Plans have been submitted to convert a long established hotel into a residential centre for recovering drug and alcohol addicts.
Charity, The Carpenters Arms, is in negotiations to buy the Six Hills Hotel, which is just off the A46 and around 10 miles from Melton.
And representatives have submitted proposals to Charnwood Council for a change of use for the building.
The charity would like to provide 29 en suite bedrooms for residents, together with a further 14 bedrooms with shared bathrooms.
The existing restaurant and coffee shop would be maintained and social areas converted into retail space, to raise money for the organisation and provide work experience and social interaction for residents under their care.
A report to go before Charnwood planners states: “The applicant is a registered charity that runs a small
residential rehabilitation facility in the centre of Loughborough for men, who are challenged by drug and alcohol addiction and, as such, is now seeking to expand this programme to larger premises in the locality.
“Six Hills Hotel therefore represents an ideal opportunity to do so, in that, subject to minor modification, its current bedroom accommodation and existing facilities can be utilised straight away to meet the charity’s immediate requirements with the added benefit of providing surplus space and scope for future expansion.”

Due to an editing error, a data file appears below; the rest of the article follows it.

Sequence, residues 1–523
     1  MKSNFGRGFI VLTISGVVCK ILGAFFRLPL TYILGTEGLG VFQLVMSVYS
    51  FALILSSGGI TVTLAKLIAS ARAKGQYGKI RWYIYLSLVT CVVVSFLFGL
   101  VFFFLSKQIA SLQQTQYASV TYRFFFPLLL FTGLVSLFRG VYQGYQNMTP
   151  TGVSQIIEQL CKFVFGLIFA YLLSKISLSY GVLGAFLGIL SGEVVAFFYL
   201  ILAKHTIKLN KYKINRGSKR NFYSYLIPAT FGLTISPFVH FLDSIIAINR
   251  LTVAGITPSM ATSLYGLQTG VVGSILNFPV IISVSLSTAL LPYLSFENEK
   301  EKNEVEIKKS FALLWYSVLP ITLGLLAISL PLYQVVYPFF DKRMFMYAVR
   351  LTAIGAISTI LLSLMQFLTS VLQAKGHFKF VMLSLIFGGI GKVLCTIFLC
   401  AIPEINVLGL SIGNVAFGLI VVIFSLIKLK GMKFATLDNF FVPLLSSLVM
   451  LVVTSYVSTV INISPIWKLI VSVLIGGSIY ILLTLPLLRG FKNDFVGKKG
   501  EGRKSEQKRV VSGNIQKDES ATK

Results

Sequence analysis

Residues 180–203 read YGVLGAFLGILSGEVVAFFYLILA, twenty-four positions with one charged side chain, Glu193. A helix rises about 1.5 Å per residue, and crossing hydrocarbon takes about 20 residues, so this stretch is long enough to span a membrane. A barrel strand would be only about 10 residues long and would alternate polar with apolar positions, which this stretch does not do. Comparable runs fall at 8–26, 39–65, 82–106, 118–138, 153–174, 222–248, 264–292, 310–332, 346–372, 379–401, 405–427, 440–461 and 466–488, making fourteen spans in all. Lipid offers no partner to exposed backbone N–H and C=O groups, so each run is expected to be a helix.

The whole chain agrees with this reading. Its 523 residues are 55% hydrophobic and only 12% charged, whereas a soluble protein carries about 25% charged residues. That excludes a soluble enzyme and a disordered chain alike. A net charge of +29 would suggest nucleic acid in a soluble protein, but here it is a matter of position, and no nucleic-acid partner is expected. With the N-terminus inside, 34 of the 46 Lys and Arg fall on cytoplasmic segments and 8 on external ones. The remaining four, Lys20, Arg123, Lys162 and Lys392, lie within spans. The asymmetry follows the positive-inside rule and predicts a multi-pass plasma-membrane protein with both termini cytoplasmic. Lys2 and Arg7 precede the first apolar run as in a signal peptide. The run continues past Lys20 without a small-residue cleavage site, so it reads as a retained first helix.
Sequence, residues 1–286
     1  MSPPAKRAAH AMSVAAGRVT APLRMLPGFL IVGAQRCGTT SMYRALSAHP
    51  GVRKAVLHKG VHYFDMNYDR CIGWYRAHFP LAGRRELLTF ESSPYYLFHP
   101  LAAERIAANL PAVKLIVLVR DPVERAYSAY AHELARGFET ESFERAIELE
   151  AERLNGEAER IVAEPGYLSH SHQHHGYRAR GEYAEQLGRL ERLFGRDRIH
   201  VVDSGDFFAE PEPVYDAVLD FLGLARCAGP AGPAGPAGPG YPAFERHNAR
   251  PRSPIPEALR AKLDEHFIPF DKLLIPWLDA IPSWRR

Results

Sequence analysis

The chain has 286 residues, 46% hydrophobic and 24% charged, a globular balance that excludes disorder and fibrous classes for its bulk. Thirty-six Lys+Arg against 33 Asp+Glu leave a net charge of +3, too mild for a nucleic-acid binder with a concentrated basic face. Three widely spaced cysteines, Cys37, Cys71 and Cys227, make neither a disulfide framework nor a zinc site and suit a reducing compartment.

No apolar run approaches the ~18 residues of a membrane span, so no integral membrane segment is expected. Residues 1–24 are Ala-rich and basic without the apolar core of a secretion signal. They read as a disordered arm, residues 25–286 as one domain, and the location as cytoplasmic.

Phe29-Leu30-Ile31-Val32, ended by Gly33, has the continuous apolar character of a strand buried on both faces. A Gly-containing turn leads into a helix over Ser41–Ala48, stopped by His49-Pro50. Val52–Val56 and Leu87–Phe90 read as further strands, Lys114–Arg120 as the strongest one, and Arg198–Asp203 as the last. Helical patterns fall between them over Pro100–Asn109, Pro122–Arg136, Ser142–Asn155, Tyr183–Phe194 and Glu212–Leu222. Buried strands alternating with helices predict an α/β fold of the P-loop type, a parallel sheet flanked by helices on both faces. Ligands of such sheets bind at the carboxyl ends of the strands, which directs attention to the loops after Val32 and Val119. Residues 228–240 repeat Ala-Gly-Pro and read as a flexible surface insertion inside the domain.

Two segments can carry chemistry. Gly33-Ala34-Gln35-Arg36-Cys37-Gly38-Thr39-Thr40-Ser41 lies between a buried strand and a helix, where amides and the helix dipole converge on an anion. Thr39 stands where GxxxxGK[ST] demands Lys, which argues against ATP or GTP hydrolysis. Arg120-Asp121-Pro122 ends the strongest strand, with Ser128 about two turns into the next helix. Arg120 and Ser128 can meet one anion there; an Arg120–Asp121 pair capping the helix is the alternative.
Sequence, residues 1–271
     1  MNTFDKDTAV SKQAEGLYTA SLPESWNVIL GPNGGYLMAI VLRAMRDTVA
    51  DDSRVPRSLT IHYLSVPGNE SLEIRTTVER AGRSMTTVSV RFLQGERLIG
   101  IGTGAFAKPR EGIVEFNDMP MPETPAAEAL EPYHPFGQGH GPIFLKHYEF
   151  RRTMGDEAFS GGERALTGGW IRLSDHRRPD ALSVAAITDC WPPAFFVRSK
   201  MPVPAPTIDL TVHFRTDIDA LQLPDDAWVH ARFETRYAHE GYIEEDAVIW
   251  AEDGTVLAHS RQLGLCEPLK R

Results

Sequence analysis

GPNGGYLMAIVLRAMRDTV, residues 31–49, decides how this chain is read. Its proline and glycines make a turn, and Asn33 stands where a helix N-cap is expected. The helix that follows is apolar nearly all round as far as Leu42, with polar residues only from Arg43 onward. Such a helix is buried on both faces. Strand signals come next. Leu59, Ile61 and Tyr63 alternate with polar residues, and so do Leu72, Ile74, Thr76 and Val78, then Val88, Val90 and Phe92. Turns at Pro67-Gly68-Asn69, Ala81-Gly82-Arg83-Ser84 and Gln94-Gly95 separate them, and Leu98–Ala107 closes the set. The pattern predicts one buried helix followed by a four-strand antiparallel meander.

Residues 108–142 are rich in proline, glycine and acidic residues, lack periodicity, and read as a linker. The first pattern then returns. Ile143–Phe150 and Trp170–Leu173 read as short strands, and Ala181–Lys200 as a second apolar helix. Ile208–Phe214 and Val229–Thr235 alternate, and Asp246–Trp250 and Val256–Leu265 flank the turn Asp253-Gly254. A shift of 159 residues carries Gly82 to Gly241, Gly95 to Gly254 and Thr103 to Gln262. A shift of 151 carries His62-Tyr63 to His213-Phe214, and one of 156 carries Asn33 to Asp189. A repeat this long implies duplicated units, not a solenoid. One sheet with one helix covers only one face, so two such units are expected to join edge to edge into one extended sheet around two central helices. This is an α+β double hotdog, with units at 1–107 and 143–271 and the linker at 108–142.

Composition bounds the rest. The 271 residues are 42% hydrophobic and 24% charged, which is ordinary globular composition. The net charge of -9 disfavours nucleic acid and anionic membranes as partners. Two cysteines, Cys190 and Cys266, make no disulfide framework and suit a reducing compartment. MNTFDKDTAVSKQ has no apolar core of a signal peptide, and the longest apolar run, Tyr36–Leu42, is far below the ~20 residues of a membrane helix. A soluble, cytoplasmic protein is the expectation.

The plans also provide for using 10 first floor en suite bedrooms as medical and counselling areas for people living there.
Two apartments on the second floor would be converted into individual rooms for staff welfare, secure storage and archive records.
Major advantages of the site, according to the applicants, are that it is easily accessible by road, it has parking space for 200 cars and it has first floor access, bedrooms and toilets which can be used by disabled residents and visitors.
The planning application says the hotel is still trading despite ‘challenging times in the current financial market’ and is up for sale.
The hotel site has housed hostelries and inns for centuries because it was a strategic crossing point for Roman roads.
It was formerly known as the Durham Ox, a name derived from the cattle drovers who used local routes, and was renamed the Six Hill Hotel in 1950, experiencing a number of extensions in the years since then.